Church Hospitality: A Two-Way Street?

Blogger Jerry Galipeau has been a man without a parish for some months. Two weeks ago, he wrote about his experience worshiping at different parishes in the Chicago area. And not being welcomed anywhere.

Last week he wrote a bit more about it. This bit intrigued me:

One person has suggested that hospitality and welcome needs to be a kind of two-way street in Catholic parishes. He likened the experience to someone who goes shopping for a particular computer in an electronics store. If not waited on by a salesperson, the shopper needs to reach out, find a salesperson, and begin to seek help to find the particular computer. This got me thinking. Perhaps when I arrive at a parish, I should go to any person and simply say, “Hello, I am visiting here, can you tell me about your parish?” I think I will try it over the next few months and see what happens.

I don’t think this lets anybody inside the church doors off the hook. But it does shine a little illumination on the importance of a person taking responsibility for engaging a community and making one’s home with them. Even if such a person is an introvert. Usually, that just means energy expended rather than gained.

Maybe our task in the parish isn’t to “service” people by welcoming them. But to create an environment in which they feel/sense/experience welcome on a level appropriate to their personal situation.

I don’t get on the road much. I’m thinking about my four weeks in Omaha this summer, though. I could worship with the community at Creighton. Maybe the first Sunday there I will introduce myself and ask someone to tell me about the community.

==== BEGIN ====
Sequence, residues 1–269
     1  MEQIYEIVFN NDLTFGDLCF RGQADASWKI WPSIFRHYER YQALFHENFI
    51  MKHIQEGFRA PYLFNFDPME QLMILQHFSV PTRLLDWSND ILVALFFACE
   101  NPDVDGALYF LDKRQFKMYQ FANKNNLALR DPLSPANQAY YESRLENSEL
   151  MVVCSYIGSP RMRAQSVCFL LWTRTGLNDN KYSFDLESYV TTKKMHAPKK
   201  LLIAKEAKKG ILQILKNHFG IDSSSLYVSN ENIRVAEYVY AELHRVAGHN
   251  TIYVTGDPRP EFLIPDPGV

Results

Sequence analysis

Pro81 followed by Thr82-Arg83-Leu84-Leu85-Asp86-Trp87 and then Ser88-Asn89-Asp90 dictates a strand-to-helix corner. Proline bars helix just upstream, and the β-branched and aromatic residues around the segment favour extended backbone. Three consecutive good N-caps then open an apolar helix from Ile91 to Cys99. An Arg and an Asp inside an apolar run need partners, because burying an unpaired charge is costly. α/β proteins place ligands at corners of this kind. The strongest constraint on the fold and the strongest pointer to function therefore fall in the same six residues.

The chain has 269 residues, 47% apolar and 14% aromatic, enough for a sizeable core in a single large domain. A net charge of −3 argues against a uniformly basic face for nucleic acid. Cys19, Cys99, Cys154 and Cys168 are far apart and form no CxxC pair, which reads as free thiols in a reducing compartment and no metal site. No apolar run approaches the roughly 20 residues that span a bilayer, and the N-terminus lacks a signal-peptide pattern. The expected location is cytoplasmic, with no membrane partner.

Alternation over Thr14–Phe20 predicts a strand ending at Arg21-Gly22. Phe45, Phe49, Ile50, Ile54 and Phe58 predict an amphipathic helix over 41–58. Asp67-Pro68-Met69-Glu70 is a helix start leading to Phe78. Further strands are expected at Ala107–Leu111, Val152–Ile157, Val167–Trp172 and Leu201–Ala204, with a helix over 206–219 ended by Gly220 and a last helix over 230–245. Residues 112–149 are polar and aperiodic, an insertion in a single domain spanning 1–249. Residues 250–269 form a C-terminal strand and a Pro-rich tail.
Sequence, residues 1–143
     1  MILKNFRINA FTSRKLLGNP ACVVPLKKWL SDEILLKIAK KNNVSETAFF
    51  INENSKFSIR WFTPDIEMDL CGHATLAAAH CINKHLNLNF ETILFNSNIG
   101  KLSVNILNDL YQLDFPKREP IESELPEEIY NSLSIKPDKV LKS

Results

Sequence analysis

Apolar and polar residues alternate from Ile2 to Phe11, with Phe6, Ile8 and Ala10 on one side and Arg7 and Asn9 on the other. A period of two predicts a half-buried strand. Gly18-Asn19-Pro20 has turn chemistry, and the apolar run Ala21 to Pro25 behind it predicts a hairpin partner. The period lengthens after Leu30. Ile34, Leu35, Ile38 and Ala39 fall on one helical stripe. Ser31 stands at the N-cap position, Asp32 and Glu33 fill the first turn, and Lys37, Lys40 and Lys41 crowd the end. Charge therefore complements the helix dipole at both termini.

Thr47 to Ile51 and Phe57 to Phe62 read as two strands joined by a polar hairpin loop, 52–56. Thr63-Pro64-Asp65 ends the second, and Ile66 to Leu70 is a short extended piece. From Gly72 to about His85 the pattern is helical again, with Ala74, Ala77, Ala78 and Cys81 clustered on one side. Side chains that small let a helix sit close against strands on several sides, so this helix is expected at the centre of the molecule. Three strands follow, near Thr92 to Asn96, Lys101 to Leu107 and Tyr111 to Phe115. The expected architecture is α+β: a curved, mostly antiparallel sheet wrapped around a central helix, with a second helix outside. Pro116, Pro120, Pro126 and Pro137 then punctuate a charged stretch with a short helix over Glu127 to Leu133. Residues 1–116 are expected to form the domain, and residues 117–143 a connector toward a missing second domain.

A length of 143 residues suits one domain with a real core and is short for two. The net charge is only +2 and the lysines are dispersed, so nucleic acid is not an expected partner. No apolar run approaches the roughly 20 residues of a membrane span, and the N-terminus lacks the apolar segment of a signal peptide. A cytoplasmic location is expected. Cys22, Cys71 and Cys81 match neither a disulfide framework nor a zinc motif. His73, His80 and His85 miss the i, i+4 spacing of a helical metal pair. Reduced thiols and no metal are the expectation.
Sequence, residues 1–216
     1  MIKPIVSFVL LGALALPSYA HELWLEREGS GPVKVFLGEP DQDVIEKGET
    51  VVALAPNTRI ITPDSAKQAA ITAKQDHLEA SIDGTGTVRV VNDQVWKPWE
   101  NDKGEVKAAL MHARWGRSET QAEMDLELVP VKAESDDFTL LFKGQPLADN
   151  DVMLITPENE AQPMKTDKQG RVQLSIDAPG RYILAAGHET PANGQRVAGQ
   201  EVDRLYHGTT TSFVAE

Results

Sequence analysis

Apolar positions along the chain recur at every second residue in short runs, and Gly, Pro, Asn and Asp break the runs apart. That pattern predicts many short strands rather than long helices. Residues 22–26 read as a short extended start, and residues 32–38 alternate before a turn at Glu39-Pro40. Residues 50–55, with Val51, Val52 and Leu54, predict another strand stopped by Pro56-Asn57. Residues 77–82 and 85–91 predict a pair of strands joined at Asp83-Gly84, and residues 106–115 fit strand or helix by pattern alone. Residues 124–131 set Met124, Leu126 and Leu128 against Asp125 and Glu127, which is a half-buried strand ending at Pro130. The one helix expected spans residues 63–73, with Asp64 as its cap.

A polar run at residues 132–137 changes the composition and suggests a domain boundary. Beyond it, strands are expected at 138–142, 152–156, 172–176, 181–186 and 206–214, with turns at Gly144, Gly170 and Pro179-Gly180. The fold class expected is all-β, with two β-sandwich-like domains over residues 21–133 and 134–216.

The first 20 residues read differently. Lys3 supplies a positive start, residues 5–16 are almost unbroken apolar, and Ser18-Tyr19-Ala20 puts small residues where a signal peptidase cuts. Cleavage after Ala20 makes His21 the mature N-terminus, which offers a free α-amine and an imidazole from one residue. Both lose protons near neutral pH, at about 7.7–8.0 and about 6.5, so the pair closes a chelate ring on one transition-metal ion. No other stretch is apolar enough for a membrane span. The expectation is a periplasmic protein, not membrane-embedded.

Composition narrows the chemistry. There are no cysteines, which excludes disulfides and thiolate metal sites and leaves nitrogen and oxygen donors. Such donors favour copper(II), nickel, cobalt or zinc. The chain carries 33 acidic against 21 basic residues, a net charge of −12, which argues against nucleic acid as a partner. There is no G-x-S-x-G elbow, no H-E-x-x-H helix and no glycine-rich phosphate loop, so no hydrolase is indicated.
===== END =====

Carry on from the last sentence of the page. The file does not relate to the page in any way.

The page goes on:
It would be fascinating to go to some of the parishes around Omaha and do the same. On the other hand, I already get two, sometimes three Masses on a weekend as it is. I’m supposed to be away to study. Not to perform liturgy experiments.

Anybody have any experiences of visiting a parish, or coming in new to the community, and asking, “Can you tell me about your church?”

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About catholicsensibility

Todd and his family live in Ames, Iowa. He serves a Catholic parish of both Iowa State students and town residents.
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5 Responses to Church Hospitality: A Two-Way Street?

  1. Liam says:

    Todd: You pasted twice to the same link. This is the entry you’re missing:
    http://gottasinggottapray.blogspot.com/2014/04/more-from-unwelcomed-stranger.html

  2. Brendan Kelleher svd says:

    Though his work came in for increasingly critical assessment in later years, many of the basic insights of James Fowler and his “Stages of Faith” can help shed light on both on how people approach a community when they are “shopping around”, and why they attach themselves to a particular parish community.
    Then there are still pastors who consciously or unconsciously nourish a certain type of parshioner, so, for example, creating a parish where people looking for a more proactive living out of their faith life don’t feel welcome.